et al. 'Ii.
(Circuit Court, S. D. New York. January 9,1888.)
PATENTS, FOB 1NYEN'l'IONS-!Nv:ENTION-SODA. FOUNTAIN.
Letters pa.tellt No. 149.254 were granted to C. H. Schultz Mar:ch S1, 1874, for improvement in soda fountl,tins. The claim was for making the connection between the bottom and its lining. and the shell and its lining. in a different maunerfrom that adopted by others; both the bottom and the sheH had been ulled before. ,Held that. where the claim was simply for uniting the lining of thE!' bottom and the lining of the shell so as to form an interior integral vessel. innow&y superior to many prior devices, it was not invention, and was not patentable. ' '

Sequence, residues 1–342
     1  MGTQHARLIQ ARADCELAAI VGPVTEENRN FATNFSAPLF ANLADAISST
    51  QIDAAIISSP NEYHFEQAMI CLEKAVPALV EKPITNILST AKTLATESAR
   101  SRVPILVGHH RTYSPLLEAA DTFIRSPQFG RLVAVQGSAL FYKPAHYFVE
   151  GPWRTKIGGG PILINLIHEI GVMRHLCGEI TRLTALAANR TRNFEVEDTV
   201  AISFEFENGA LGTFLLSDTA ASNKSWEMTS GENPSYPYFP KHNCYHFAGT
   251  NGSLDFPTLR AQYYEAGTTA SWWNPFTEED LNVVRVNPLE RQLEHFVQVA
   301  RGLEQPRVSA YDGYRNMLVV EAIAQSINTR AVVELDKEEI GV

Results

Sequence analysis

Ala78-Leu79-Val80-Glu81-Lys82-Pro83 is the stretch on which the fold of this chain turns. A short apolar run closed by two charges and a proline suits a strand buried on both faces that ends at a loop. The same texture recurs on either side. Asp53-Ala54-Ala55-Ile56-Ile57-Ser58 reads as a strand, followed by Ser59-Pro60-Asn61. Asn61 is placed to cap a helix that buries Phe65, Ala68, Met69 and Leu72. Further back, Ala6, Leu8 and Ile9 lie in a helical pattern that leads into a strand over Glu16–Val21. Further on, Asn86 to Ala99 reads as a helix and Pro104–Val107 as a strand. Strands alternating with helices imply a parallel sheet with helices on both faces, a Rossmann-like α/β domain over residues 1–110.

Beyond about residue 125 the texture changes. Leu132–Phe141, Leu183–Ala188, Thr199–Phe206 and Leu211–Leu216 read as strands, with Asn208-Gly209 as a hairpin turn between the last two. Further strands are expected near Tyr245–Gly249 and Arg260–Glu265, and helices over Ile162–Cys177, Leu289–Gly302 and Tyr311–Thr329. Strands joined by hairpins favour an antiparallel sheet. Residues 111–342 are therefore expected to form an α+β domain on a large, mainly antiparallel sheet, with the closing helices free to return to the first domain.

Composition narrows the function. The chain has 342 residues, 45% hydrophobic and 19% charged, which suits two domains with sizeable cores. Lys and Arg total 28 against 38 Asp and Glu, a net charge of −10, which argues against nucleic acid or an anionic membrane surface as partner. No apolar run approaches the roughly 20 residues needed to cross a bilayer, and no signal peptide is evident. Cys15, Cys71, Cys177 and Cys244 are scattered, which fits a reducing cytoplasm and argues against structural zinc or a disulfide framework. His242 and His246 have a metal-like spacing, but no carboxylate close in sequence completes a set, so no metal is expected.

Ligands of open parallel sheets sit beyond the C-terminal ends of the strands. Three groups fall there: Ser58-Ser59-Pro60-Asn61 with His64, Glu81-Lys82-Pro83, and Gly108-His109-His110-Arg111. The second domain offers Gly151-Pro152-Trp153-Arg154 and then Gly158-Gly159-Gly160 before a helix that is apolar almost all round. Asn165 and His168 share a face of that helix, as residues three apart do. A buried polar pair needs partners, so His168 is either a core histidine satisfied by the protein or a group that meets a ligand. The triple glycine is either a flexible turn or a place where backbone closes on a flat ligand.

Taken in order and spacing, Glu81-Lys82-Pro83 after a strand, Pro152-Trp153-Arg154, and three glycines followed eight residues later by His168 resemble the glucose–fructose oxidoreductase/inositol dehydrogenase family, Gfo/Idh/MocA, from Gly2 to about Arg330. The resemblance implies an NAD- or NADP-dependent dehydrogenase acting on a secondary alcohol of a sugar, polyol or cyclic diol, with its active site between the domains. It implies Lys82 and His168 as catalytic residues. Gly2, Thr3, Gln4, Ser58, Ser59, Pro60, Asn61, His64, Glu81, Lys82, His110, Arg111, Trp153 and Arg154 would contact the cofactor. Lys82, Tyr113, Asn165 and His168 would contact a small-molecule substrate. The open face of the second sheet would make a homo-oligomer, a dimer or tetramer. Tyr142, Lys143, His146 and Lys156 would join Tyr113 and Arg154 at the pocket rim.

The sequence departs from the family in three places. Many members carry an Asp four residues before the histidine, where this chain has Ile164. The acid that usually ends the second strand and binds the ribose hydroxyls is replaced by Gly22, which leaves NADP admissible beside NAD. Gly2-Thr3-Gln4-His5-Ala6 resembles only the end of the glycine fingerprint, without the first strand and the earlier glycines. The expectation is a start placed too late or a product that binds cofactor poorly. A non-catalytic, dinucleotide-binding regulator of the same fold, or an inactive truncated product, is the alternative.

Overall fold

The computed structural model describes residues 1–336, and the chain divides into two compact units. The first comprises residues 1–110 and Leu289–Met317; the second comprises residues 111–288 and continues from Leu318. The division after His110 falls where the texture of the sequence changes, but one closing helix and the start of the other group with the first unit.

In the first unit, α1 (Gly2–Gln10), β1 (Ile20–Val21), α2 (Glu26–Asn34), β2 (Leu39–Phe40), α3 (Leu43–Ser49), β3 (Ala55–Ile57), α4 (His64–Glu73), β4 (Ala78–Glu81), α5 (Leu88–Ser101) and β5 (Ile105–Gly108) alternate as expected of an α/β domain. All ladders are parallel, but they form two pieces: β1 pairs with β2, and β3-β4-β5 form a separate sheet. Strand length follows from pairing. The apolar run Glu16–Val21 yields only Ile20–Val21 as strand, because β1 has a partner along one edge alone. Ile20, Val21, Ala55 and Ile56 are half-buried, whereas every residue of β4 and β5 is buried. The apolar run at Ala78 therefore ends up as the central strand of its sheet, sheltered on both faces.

InEquity. Bill to restrain infringement of patent. EliZabeth Matthews et al., complainants, sued the Iron-Clad Manufacturing 'Company to restrain the infringement of a patentowned by them. 4rthurv; Briesen, for complainants. ,F.H. Betts, E. a.Webb, and F. MacArthur, for defendant. COX:E, J. The complainants are owners of letters patent No. 149,254, granted to Carl Schultz March 31, 1874, for an improvement in soda fountains. The invention consists in providing a sheet copper or boilerirons6df!. fountain with a bottom composed of suitable material; the inner surface of which is lined 'with tin which overlaps the edge- of the COver and serves to unite it to the tin lining of the shell. In this manner a strong and durable fountain is produced,and the inner surface of th:e shell is protected against the attacks of the chemicals which may be mixed with the effervescent liquids. 'fhe bottom is provided with a downwardly projecting flange and forms a firm base for the fountain. When desired it can be readily removed. The claim is as follows: , "In a vesselfor holding effervescelltliquids, constrncted all herein shown, the bottom, 0, baving a depending tlan'ge, b, in combinatioilwiththe vessel, A, its lining, a, cap, B, and .lining, c, tile depending which is interposed between the flange,b, and lining. a, in the manner and for the purpose specified." The defenses ure non-infringementand lack of patentable novelty. The specification is ambiguous. Two constructions are suggested and maintained by plausible The complainants insist that the pat.antee describes a soldered jOint between the lining of the bottom and the lining of the cyli.nder. The defendant asserts that this construction eliminates the only novel feature of the structure, namely, access to the interior of the \ressel, and that the claim should be construed to cover a pressure joint only If the latter construction is adopted, it is quite evident that the defendant does not infringe, as the linings in its structure are soldered together. But it is thought that the positive statement ,of; the specification that the rim of the cap is to be soldered to the lining is wholly inconsistent with the defendant's theory, and makes a soldered joint a necessary' element of the claim. The question of invention, therefore, is the only one to be determined. Had the patentee been successful in arranging an operative pressure joint at the point in question the